We also...don’t have to spare ourselves the pain of obliteration, I guess. I don’t know what the great plan is; I don’t know if there is one. I have faith that, if there is one, it will be arrived at organically through an application of the gift of consciousness. We are capable of thinking with our brains, imagining solutions and teasing out their possible impact. I’ve watched a lot of possible solutions unfold in my life, and many – the ones grounded in turmoil, rage, fear, and shame – don’t lead to places that I want to go. The only ones that do require absolution for myself and for others. Start there.

It is not difficult to have consensus on truth when everyone is actually looking at truth. Because a part of truth is that subjective experience ultimately interprets and defines it. Yes, there is causality – that bus doing 40 through my living room is going to hurt me – but my experience of that causality is something that only I know, that only I have ever lived, and that I won’t even be able to recall properly – even if the bus doesn’t kill me. Only I, and others who have had similar experiences, will understand what that feels like. If you seek productive dialogue, you have to speak to people in a way that they can understand. It’s not hard. You start from the assumption that we’re all human beings having a human experience, and then remember that your frightened ego transcends the ever-loving hell out of this moment. If you can master that, you’re bulletproof. Spiritually, anyway.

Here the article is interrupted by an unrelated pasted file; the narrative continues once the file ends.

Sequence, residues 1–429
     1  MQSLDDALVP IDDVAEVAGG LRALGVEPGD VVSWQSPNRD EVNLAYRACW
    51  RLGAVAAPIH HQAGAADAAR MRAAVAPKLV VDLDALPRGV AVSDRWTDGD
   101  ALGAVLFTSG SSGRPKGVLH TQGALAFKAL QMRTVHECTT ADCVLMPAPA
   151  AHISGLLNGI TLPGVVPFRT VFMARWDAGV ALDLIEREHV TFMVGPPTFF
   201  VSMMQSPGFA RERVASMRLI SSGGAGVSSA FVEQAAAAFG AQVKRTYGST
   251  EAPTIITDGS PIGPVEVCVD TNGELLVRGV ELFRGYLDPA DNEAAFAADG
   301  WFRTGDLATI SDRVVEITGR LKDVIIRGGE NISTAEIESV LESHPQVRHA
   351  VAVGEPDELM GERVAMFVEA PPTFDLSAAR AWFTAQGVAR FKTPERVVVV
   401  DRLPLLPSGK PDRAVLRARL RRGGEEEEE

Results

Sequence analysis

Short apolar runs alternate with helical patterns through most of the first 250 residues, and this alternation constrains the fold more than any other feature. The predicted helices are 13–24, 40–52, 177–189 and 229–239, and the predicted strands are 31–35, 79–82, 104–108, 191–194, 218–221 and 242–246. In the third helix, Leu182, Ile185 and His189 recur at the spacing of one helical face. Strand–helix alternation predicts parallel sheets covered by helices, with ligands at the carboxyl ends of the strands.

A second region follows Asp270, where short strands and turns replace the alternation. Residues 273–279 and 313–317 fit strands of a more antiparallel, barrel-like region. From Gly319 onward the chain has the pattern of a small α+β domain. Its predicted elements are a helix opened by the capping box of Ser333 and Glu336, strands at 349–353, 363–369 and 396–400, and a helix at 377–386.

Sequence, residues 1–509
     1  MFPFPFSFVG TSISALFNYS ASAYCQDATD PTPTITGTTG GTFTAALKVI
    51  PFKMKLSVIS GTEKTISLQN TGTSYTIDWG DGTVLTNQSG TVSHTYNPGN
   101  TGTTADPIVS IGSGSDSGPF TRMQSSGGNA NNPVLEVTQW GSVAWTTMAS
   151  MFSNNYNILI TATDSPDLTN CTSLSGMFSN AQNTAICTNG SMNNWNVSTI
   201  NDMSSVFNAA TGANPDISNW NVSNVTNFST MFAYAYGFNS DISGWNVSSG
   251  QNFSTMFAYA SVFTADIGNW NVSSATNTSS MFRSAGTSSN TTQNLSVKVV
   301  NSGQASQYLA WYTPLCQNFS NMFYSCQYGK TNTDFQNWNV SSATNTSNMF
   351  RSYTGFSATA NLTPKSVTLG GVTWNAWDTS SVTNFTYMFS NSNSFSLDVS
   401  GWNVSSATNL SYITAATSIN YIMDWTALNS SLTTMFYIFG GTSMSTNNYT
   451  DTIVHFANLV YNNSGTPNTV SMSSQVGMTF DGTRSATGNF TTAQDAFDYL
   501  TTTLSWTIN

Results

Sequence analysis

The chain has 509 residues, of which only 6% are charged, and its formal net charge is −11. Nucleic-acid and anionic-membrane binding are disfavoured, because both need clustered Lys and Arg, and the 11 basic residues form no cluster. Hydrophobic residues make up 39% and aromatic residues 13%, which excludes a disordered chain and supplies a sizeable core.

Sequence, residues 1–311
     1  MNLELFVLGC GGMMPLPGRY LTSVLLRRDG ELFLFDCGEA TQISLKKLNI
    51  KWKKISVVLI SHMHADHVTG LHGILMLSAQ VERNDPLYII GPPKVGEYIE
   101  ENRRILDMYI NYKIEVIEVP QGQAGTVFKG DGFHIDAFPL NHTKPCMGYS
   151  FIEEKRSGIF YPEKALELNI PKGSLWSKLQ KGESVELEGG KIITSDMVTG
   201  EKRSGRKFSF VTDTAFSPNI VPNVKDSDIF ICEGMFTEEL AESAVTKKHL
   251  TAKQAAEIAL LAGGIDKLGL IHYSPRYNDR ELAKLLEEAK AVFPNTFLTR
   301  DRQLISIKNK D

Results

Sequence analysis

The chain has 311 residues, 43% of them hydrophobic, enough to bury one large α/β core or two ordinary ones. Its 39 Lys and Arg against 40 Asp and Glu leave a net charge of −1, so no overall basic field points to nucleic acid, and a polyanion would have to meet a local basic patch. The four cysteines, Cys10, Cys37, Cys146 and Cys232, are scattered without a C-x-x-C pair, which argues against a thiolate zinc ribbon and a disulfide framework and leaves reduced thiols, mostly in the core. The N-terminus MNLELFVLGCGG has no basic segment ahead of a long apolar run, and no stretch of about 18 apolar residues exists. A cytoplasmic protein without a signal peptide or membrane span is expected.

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1 comment

Beautifully written. Thank you!